Ups and downs are a normal part of our lives, adolescent included. Adolescents have a lot going on physically, emotionally and socially, which helps to explain why they might be having more moods than before.
Some days your child might be cheerful and excited, while other days he might seem flat, low or sad. This is a normal part of life for a young person in the same way it is normal for adults.
You might notice your child feeling more ups and downs than he used to, or his moods might be more extreme. This could be for many reasons: physical, emotional, social and psychological and not for anyone particularly reason. Often you cannot pin down the causes of adolescent ups and downs.
You might also notice that your relationship with your child is changing, as well as how he shares his emotional world with you. Privacy might be very important to him.
When your teenager wants more time on his own or more private headspace, it is not necessarily that he is being ‘moody’ – it is actually a sign that your child is maturing and becoming more independent. This can be a healthy part of adolescence, although your child still needs your support and supervision.
These changes in behavior, thinking and feelings are normal and will last for longer than moods. Learning to cope with and manage emotional ups and downs independently is one of the big jobs of adolescence.
If your child seems to be feeling flat or low, there could be many reasons. It can come from lifestyle and relationship factors such as not getting enough sleep, not having regular nutritious meals, not feeling connected with friends, stressful family situation or being bullied at school. Or your child could be just having a bad day.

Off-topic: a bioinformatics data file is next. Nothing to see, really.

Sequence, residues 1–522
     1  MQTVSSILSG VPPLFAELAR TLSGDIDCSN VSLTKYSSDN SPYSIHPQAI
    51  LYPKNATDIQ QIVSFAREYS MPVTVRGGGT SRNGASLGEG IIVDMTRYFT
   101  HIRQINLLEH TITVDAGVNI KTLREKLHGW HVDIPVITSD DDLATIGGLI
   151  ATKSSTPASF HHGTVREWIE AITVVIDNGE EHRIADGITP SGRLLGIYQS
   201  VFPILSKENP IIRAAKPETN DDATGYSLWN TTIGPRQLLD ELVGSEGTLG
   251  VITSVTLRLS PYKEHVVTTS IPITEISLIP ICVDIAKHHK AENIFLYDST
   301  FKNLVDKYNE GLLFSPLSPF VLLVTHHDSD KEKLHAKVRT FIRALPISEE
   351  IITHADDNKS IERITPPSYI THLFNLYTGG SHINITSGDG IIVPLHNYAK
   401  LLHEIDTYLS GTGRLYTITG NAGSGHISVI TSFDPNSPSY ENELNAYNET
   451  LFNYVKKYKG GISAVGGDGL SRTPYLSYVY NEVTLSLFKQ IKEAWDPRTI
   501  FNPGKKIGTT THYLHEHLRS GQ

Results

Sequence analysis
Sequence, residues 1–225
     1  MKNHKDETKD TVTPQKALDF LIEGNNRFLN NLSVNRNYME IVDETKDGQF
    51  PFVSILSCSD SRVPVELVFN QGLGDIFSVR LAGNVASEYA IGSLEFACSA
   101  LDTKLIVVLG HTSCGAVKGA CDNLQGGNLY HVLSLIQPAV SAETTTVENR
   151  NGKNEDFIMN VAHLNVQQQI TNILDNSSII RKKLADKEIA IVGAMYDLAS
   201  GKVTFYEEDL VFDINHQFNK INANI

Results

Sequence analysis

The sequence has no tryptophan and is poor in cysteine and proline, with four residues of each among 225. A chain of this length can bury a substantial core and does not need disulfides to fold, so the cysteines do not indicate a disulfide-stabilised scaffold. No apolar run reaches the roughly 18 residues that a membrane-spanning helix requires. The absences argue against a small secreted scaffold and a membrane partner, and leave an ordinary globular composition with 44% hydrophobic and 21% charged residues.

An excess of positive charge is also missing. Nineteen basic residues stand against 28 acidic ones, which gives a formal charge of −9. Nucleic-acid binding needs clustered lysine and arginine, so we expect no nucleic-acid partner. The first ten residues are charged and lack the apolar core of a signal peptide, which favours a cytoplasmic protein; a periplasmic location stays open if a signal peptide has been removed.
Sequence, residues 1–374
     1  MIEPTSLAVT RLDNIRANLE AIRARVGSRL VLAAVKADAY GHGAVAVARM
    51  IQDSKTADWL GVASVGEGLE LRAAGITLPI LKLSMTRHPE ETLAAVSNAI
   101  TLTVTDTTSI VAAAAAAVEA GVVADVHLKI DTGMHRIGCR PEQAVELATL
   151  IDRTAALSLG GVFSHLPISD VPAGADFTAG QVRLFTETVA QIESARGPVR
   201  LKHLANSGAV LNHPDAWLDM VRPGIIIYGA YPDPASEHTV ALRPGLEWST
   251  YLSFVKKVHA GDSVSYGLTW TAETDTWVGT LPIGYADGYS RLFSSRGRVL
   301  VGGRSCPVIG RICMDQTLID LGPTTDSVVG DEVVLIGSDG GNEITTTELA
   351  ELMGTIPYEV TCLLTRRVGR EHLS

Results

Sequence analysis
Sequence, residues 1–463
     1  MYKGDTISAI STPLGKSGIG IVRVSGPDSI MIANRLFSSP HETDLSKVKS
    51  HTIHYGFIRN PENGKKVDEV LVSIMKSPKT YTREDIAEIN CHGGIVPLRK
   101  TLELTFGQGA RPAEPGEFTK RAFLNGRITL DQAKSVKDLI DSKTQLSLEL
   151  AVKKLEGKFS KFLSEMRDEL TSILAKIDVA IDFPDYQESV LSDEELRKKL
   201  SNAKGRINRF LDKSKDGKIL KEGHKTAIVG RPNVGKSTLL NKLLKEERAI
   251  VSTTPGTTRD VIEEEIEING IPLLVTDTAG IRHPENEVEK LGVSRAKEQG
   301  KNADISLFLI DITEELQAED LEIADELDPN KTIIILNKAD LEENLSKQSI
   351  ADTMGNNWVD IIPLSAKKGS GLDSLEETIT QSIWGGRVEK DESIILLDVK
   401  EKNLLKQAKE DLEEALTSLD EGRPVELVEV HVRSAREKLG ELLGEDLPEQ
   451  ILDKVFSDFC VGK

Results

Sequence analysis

Recognizing the things your child already enjoys: this might be a favorite team sport, spending time with old friends or creating his own digital content and keeping up with these activities will help your child feel secure and connected, and give him a base that he can use to explore new interests.
Young people are developing independence and tackling new things. While your child is doing this, try to give him space or time alone to think about new emotions and new experiences. Trying to force conversations before your child is ready to talk might lead you into conflict.
The young person can feel down for minutes, hours, days or much longer. If your child seems down, flat or sad for two or more weeks, or if you notice moods are stopping your child from getting on with his usual daily activities, this could be a sign of a more serious mental health problem. Remember that mental health problems can have serious long-term consequences if left untreated.
If you are concerned about your child’s emotions and behavior, it is important to talk with your child and to seek help. A long-term mood that does not seem to go away is not a normal part of puberty.